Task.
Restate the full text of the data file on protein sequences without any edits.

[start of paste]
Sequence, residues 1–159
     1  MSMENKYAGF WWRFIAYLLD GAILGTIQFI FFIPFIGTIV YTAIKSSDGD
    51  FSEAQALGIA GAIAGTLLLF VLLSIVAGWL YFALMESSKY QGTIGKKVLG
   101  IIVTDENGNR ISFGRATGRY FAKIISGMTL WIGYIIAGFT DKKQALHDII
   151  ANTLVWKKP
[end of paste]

Sequence, residues 1–159
     1  MSMENKYAGF WWRFIAYLLD GAILGTIQFI FFIPFIGTIV YTAIKSSDGD
    51  FSEAQALGIA GAIAGTLLLF VLLSIVAGWL YFALMESSKY QGTIGKKVLG
   101  IIVTDENGNR ISFGRATGRY FAKIISGMTL WIGYIIAGFT DKKQALHDII
   151  ANTLVWKKP